Savuti's Elephant-Eating Lions

A patch of the Kalahari Desert dries up or is irrigated depending on the region's tectonic whims. In Savuti, lions have become used to depending on themselves and prey on the largest animals in the savannah.
Muktinath to Kagbeni, Annapurna Circuit, Nepal, Kagbeni
Annapurna (circuit)
Annapurna Circuit 14th - Muktinath to Kagbeni, Nepal

On the Other Side of the Pass

After the demanding crossing of Thorong La, we recover in the cozy village of Muktinath. The next morning we proceed back to lower altitudes. On the way to the ancient kingdom of Upper Mustang and the village of Kagbeni that serves as its gateway.
Sculptural Garden, Edward James, Xilitla, Huasteca Potosina, San Luis Potosi, Mexico, Cobra dos Pecados
Architecture & Design
Xilitla, San Luis Potosí, Mexico

Edward James' Mexican Delirium

In the rainforest of Xilitla, the restless mind of poet Edward James has twinned an eccentric home garden. Today, Xilitla is lauded as an Eden of the Surreal.
lagoons and fumaroles, volcanoes, PN tongariro, new zealand
Tongariro, New Zealand

The Volcanoes of All Discords

In the late XNUMXth century, an indigenous chief ceded the PN Tongariro volcanoes to the British crown. Today, a significant part of the Maori people claim their mountains of fire from European settlers.
Kente Festival Agotime, Ghana, gold
Ceremonies and Festivities
Kumasi to Kpetoe, Ghana

A Celebration-Trip of the Ghanian Fashion

After some time in the great Ghanaian capital ashanti we crossed the country to the border with Togo. The reasons for this long journey were the kente, a fabric so revered in Ghana that several tribal chiefs dedicate a sumptuous festival to it every year.
on Stage, Antigua, Guatemala
Antigua (Antilles), Guatemala

Hispanic Guatemala, the Antigua Fashion

In 1743, several earthquakes razed one of the most charming pioneer colonial cities in the Americas. Antigua has regenerated but preserves the religiosity and drama of its epic-tragic past.
Obese resident of Tupola Tapaau, a small island in Western Samoa.
Tonga, Western Samoa, Polynesia

XXL Pacific

For centuries, the natives of the Polynesian islands subsisted on land and sea. Until the intrusion of colonial powers and the subsequent introduction of fatty pieces of meat, fast food and sugary drinks have spawned a plague of diabetes and obesity. Today, while much of Tonga's national GDP, Western Samoa and neighbors is wasted on these “western poisons”, fishermen barely manage to sell their fish.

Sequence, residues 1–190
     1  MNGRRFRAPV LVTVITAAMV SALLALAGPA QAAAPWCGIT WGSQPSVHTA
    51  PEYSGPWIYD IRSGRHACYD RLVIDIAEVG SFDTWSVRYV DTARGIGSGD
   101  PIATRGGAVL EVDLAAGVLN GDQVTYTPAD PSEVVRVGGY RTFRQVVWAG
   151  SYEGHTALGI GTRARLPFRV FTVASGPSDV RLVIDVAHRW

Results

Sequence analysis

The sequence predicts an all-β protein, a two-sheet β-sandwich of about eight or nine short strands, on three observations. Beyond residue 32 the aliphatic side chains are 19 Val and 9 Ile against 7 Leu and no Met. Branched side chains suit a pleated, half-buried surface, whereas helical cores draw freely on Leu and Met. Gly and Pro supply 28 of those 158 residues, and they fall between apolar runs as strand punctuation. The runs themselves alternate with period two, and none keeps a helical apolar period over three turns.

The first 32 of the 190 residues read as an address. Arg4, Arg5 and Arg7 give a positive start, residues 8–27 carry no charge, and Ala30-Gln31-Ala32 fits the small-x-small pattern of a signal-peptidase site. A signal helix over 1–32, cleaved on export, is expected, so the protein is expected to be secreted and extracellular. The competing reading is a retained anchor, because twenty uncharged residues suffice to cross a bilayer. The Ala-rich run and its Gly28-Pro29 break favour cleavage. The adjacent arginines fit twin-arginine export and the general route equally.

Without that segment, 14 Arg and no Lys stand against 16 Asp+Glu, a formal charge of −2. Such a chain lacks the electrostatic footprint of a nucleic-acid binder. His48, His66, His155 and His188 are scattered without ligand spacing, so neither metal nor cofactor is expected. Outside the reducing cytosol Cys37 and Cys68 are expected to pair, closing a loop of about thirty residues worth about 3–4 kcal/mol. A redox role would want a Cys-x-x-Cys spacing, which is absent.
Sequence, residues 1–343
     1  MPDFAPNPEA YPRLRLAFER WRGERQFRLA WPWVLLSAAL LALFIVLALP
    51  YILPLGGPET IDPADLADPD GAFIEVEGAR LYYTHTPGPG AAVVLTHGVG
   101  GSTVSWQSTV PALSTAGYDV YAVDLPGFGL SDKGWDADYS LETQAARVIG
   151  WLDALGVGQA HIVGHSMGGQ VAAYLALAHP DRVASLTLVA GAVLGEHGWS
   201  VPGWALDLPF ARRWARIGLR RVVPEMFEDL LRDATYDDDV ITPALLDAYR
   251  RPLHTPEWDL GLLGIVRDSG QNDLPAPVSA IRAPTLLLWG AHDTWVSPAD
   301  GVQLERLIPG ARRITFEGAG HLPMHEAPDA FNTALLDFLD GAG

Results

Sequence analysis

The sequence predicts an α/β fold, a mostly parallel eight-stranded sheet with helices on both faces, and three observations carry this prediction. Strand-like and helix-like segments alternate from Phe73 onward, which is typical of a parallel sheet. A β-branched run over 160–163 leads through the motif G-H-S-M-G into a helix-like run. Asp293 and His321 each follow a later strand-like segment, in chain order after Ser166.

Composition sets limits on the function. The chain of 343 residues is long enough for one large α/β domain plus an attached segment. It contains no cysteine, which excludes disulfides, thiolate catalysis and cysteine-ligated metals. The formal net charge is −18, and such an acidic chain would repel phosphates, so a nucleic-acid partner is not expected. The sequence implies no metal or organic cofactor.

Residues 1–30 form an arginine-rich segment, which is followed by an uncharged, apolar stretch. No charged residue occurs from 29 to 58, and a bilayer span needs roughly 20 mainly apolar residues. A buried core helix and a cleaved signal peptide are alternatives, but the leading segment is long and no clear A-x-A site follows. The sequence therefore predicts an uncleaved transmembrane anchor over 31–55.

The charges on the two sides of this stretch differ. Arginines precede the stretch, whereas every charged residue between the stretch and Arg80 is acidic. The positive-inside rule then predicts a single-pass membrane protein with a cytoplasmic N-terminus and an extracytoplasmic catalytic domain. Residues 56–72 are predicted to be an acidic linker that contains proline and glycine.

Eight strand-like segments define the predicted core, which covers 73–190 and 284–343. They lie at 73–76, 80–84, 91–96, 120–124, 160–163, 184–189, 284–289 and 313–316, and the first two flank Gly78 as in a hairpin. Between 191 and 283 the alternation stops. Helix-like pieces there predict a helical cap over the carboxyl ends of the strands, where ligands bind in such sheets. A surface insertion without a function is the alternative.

full cabin
Saariselka, Finland

The Delightful Arctic Heat

It is said that the Finns created SMS so they don't have to talk. The imagination of cold Nordics is lost in the mist of their beloved saunas, real physical and social therapy sessions.

Man: an Ever Tested Species

It's in our genes. For the pleasure of participating, for titles, honor or money, competitions give meaning to the world. Some are more eccentric than others.
Prayer flags in Ghyaru, Nepal
Annapurna Circuit: 4th – Upper Banana to Ngawal, Nepal

From Nightmare to Dazzle

Unbeknownst to us, we are faced with an ascent that leads us to despair. We pulled our strength as far as possible and reached Ghyaru where we felt closer than ever to the Annapurnas. The rest of the way to Ngawal felt like a kind of extension of the reward.
Women with long hair from Huang Luo, Guangxi, China
Longsheng, China

Huang Luo: the Chinese Village of the Longest Hairs

In a multi-ethnic region covered with terraced rice paddies, the women of Huang Luo have surrendered to the same hairy obsession. They let the longest hair in the world grow, years on end, to an average length of 170 to 200 cm. Oddly enough, to keep them beautiful and shiny, they only use water and rice.
Got2Globe Photo Portfolio
Got2Globe Portfolio

life outside

Rabat, Malta, Mdina, Palazzo Xara
Rabat, Malta

A Former Suburb in the Heart of Malta

If Mdina became the noble capital of the island, the Knights Hospitaller decided to sacrifice the fortification of present-day Rabat. The city outside the walls expanded. It survives as a popular and rural counterpoint to the now living museum in Mdina.
Torshavn, Faroe Islands, rowing
Tórshavn, Faroe Islands

Thor's Faroese Port

It has been the main settlement in the Faroe Islands since at least 850 AD, the year in which Viking settlers established a parliament there. Tórshavn remains one of the smallest capitals in Europe and the divine shelter of about a third of the Faroese population.
Boats on ice, Hailuoto Island, Finland.
Winter White
Hailuoto, Finland

A Refuge in the Gulf of Bothnia

During winter, the island of Hailuoto is connected to the rest of Finland by the country's longest ice road. Most of its 986 inhabitants esteem, above all, the distance that the island grants them.
José Saramago in Lanzarote, Canary Islands, Spain, Glorieta de Saramago
Lanzarote, Canary Islands, Spain (España)

José Saramago's Basalt Raft